Red alert on hold as squirrels fight back

FIGHTING BACK: Red squirrel numbers are recovering in Lancashire after years of decline
FIGHTING BACK: Red squirrel numbers are recovering in Lancashire after years of decline
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Their tufted ears and bushy tail give them the X-Factor on nature’s stage.

Now red squirrels - the scarlet pimpernels of British woodlands - are increasing their public appearances in Lancashire after years of decline.

Conservationists say the loveable reds, which recently looked doomed to extinction in the UK within 20 years, are back by popular demand - and have now been spotted in Preston over the past 12 months.

This week fans have been celebrating the breed’s fightback from a virus which all-but wiped them out in the North West.

Red Squirrel Week has been highlighting the animal’s recovery from the deadly squirrel pox which wiped out around 80 per cent of the region’s population.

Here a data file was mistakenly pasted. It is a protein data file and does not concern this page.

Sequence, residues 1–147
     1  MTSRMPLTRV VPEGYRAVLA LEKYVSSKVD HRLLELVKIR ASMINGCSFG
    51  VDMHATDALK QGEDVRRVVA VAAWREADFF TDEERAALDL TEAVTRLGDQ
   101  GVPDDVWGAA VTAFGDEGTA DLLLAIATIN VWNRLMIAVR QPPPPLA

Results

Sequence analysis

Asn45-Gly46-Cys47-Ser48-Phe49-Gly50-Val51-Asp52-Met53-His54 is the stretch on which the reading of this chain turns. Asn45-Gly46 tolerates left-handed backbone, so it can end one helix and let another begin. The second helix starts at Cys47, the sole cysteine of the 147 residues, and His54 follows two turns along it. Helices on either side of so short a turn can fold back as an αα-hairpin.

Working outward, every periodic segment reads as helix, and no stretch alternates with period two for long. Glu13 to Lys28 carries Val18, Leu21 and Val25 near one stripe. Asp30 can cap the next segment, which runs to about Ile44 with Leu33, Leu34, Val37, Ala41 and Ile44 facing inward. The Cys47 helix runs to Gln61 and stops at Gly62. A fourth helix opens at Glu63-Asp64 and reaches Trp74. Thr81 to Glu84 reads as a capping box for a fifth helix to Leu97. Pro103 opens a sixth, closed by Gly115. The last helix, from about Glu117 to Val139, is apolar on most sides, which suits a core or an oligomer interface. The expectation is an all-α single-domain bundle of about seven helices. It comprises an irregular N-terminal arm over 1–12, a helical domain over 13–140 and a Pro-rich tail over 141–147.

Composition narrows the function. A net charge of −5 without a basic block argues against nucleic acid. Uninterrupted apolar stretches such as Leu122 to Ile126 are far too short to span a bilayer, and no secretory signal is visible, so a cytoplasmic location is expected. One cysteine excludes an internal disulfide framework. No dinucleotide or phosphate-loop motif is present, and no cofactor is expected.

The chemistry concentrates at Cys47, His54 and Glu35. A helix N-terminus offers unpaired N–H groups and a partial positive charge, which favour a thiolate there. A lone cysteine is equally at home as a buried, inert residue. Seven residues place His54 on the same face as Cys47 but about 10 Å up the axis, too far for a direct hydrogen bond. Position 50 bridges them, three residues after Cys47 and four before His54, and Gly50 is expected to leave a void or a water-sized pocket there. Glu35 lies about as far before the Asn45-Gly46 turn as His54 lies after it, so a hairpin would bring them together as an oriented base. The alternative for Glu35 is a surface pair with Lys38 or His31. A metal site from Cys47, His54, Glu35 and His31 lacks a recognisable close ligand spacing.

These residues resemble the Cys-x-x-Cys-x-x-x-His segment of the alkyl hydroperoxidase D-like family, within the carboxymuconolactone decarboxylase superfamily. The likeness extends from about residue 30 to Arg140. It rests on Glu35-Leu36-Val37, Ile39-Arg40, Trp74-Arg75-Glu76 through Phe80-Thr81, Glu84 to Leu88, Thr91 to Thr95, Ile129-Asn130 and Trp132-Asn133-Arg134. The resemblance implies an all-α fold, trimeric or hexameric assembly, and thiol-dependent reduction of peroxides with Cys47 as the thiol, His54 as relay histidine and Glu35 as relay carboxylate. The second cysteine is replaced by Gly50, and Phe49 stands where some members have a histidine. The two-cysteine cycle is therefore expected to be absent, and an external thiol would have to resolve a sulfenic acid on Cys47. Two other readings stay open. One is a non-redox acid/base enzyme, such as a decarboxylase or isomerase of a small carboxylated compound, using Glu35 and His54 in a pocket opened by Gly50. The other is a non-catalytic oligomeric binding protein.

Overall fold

“In 2008 the outlook was very bleak,” said Rachel Miller, the Lancashire Wildlife Trust’s red squirrel project officer. “The virus is carried by grey squirrels, which are immune to it, but it is fatal to red squirrels.

“Thanks to the perseverance and dedication of our volunteers and project officers, the population recovered quickly and has now increased to just over 80 per cent of the pre-pox numbers.”

The red squirrel population is rising in the North West after 140 years of decline. Its stronghold has been the Sefton Coast. But now there have been sightings further inland, with the species reaching Preston, Rufford, Skelmersdale and Wigan in the past year.

“Protecting the red squirrel populationn requires constant effort,” added Rachel.

“We want to create suitable grey-free habitat for reds to re-colonise. This project, with the help of volunteers and vigilant members of the public, 
could mean reds extending their territory throughout the North West.”